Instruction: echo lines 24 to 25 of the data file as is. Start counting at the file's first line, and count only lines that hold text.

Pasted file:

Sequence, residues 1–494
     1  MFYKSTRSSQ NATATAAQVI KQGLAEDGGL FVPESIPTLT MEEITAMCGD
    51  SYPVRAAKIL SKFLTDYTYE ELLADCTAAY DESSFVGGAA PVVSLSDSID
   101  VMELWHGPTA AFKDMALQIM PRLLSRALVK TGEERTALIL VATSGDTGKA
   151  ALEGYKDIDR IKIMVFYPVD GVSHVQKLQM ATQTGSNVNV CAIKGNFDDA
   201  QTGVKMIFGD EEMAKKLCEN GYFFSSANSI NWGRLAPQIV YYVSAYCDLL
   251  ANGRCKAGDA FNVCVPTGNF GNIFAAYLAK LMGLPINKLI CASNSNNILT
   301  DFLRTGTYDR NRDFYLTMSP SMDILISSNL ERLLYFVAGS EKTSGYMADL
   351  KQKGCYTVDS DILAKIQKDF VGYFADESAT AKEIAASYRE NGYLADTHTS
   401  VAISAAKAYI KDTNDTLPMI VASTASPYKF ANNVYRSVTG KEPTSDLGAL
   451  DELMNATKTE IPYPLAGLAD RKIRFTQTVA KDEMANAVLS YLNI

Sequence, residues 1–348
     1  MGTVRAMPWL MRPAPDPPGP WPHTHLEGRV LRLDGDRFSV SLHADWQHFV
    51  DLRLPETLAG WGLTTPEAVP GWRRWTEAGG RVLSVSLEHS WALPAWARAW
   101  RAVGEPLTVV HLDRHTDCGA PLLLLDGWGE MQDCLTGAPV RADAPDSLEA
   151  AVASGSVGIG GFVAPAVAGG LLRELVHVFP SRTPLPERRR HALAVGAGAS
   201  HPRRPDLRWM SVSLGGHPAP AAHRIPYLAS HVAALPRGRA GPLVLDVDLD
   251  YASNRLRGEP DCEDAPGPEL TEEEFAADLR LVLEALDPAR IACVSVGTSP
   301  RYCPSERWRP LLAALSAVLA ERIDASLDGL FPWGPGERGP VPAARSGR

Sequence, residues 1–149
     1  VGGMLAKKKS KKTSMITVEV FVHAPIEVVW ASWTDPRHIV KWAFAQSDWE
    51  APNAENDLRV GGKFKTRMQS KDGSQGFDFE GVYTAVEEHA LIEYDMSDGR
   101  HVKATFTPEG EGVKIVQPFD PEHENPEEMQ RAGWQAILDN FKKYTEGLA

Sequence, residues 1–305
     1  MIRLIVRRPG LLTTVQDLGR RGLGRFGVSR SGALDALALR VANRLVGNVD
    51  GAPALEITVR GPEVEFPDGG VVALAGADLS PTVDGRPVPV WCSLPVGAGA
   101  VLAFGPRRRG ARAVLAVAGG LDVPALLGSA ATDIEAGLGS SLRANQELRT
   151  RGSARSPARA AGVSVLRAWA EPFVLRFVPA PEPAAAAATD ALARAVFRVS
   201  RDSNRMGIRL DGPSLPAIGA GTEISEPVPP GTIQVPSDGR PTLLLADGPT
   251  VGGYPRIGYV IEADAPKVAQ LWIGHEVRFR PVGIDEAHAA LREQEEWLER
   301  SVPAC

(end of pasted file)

Sequence, residues 1–305
     1  MIRLIVRRPG LLTTVQDLGR RGLGRFGVSR SGALDALALR VANRLVGNVD